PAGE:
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Push to include disability in the post-M.D.G. agenda

D.N.I.S. News Network, India: A Conference on Disability Inclusive Millennium Development Goals (M.D.G.s) and Aid Effectiveness organised by Leonard Cheshire Disability (L.C.D.) and United Nations Economic and Social Commission for Asia and Pacific (E.S.C.A.P.) in Bangkok from March 14 – 16, 2012 has called for people with disabilities to be at the centre of international development programmes for the M.D.G.s to be achieved.

“We have a unique opportunity for people with disabilities to campaign for change with international policy makers to make lasting improvements to their daily lives and future opportunities. This makes this Conference different from any other I have been to before,” commented Ilyas Khan, Chair of L.C.D., in his opening speech.

“The time is now for development partners to strengthen disability-inclusiveness of their policies and programmes in Asia-Pacific. Making a difference in the lives of the 650 million persons with disabilities in Asia-Pacific will bring us closer to meeting the M.D.G.s globally,” said Nanda Krairiksh, Director, Social Development Division, E.S.C.A.P.

Asia-Pacific is moving towards a new decade to ‘Make the Right Real’ for persons with disabilities. Preparations have started on the outcome document to be considered by the High-level Intergovernmental Meeting to review the Second Asian and Pacific Decade of Disabled Persons in Incheon, Republic of Korea, in October this year. It is hoped that its adoption will give Asia-Pacific goals, targets and indicators for expediting the inclusion of persons with disabilities in the development process.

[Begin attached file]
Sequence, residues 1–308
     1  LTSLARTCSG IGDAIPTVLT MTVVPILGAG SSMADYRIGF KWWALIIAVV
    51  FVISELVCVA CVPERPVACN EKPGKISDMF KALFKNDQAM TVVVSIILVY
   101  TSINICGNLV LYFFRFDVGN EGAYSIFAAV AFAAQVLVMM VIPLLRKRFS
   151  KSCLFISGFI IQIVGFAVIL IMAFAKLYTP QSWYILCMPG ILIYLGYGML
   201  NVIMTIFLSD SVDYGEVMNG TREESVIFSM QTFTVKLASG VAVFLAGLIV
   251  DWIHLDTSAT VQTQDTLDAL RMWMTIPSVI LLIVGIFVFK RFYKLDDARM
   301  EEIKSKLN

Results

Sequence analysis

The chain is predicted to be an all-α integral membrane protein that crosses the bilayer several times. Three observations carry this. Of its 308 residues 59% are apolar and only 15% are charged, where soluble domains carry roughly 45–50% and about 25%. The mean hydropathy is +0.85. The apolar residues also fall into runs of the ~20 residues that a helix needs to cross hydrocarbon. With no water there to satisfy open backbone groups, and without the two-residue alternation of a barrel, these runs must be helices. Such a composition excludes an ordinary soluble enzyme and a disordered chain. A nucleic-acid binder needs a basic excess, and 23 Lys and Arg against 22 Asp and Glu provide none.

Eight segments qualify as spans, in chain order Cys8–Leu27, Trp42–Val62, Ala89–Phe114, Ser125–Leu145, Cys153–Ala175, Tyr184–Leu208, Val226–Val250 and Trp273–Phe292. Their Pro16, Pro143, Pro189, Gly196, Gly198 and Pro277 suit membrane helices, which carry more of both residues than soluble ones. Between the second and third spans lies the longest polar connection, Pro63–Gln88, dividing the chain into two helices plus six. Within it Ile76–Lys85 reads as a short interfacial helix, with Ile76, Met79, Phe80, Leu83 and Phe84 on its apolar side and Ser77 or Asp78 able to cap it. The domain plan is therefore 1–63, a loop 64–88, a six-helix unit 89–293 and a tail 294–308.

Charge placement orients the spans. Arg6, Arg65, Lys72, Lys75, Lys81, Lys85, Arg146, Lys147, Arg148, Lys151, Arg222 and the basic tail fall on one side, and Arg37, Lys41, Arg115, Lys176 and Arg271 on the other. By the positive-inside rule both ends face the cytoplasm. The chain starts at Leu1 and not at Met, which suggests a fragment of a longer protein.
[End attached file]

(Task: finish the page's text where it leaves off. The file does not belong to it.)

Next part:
Ultimately, the Conference will also feed into the final review of the Second Asian and Pacific Decade of Disabled Persons, as well as formation of the post-2015 development framework. This will directly help to launch a truly inclusive development model.

The Conference saw the launch of the world’s first online disability and development database, with, among others, information on government development projects in Africa and Asia that include persons with disabilities and are funded by the World Bank. The Conference came out with the Bangkok Statement, which in its key recommendation, called for persons with disabilities and their organisations to be full participants in the planning, design and implementation of development goals, including those related to poverty reduction, education, gender, health, technology, disasters, environment and international cooperation.

Speakers at the Conference included Shuaib Chalklen, U.N. Special Rapporteur on Disability; Akiko Ito of U.N. D.E.S.A.; Aleksandra Posarac of the World Bank; Tanya Barron, International Director at L.C.D., Javed Abidi, Chairperson of Disabled People’s International; and Maria Veronica Reina, Executive Director of the Global Partnership on Disability and Development, among others.